- The mission logs were a brilliant way for the show utilize a flashback device in a way that made sense within the episode. They also broke my heart? “Perpetual Infinity” does a fantastic job communicating Dr. Burnham’s experience, both from the initial shock of traveling 950 years into the future to all of Dr. Burnham’s attempts to stop Control from the future genocidal timeline. But I now understand why that needed to happen. This part of the story would later explain why Dr. Burnham’s priorities were what they were. I have no sense of how much time has passed relative to Dr. Burnham, but it’s enough that she’s aged, and she has also tried countless times to fix what Control broke. Later in the episode, it is even confirmed that Dr. Burnham used short bursts in time in order to watch key moments in Michael’s life.
- (Which hurts my soul so deeply, y’all. SO DEEPLY.)
- All of this means that Dr. Burnham’s perspective is vastly, vastly different than anyone expects it to be, especially Michael. I loved so much that it was Dr. Culber (back in his medical officer uniform!!!) who did his best to help Michael understand this key fact about her mother. He was right, too, and of course he was! He was living proof that these sort of singular, unique experiences create a feeling in the affected person that makes them feel separated from others around them. As far as we know, Dr. Burnham is the only human to have experienced time travel like she has, so it stood to reason that her opinions on and perception of time differed greatly from the others.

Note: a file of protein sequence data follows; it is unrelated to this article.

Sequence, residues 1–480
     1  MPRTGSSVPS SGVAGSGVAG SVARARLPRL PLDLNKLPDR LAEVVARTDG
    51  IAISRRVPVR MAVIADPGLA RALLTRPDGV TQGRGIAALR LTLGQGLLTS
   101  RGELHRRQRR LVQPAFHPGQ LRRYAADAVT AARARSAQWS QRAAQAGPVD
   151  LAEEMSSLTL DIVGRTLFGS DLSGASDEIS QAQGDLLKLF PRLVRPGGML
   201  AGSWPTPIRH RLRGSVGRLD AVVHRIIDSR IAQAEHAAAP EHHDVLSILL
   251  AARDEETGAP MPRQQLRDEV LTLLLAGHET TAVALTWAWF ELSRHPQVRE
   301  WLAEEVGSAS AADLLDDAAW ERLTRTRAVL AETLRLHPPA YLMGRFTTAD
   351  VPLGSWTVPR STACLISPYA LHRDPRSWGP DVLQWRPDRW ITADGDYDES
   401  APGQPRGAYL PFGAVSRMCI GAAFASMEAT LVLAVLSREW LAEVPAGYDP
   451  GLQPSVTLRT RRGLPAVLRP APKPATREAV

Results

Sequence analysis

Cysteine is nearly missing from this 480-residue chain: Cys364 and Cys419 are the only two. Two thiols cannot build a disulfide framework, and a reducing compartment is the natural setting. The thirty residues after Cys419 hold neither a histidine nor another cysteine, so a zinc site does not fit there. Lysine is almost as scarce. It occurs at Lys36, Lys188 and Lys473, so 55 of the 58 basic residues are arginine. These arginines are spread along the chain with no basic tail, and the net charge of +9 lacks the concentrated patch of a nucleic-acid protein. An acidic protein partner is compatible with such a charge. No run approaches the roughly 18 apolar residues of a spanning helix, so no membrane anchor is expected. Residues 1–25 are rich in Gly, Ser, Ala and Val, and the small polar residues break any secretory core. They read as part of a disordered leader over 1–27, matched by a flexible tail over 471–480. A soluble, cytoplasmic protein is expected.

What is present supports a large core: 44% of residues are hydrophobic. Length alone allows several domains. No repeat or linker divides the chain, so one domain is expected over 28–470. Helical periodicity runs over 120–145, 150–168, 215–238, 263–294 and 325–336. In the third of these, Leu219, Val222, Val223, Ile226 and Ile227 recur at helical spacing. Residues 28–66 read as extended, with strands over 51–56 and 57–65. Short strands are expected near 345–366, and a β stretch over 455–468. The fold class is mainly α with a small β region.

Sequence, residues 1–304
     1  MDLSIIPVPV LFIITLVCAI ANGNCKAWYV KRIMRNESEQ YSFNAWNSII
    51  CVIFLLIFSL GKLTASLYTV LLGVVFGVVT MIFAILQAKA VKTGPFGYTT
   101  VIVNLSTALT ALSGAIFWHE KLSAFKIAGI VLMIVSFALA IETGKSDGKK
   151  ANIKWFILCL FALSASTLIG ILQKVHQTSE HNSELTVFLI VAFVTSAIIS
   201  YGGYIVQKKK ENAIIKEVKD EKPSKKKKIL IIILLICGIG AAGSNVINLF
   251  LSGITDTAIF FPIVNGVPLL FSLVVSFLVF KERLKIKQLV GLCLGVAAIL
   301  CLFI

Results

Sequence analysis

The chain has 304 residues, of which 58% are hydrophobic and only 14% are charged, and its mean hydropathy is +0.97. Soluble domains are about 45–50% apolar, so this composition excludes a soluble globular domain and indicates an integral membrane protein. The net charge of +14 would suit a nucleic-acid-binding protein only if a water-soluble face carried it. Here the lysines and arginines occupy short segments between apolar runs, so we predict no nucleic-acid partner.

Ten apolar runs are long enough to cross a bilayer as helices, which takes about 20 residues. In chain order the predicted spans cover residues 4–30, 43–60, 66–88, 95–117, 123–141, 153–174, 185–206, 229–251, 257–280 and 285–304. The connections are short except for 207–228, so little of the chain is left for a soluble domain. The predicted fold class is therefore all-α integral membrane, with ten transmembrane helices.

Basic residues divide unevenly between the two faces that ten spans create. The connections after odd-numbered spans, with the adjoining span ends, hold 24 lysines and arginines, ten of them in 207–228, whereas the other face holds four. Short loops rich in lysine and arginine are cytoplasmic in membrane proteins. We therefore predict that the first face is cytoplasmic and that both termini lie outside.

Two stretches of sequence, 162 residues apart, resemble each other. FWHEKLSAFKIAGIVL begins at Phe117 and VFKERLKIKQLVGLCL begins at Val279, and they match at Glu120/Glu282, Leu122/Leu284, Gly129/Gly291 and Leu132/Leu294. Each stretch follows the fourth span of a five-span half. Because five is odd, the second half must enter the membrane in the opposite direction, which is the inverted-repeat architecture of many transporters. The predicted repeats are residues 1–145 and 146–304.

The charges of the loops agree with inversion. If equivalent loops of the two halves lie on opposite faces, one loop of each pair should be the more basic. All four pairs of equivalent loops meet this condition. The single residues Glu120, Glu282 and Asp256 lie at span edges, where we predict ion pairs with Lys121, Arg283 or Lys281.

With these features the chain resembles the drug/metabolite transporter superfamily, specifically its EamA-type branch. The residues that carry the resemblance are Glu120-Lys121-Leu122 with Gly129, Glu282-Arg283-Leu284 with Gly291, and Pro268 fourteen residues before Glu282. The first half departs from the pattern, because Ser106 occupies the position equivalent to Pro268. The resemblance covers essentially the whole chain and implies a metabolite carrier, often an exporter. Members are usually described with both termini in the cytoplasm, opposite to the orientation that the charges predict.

- While this is all unfolding, there’s also the Leland/Control deception happening, so truly, “Perpetual Infinity” offered not a single reprieve during its run. I WAS SO STRESSED.
- Yet even within that, there’s so much depth! I love that this part of the story challenged Ash Tyler, especially after his confrontation with Michael in the previous episode. He had said he disagreed with some of Section 31’s tactics, but what happens when Tyler is pushed past the point of what he’s comfortable with? Does he support Section 31’s mission even in that case? Control—as Leland—tried to manipulate Ash Tyler into doing its dirty work, but where I believe it failed was in failing to recognize that Ash did have a limit to his loyalty. Yes, Ash wanted to ensure that Control had no future, but spying on the Discovery? Stealing from them? That’s where Control misjudged human behavior.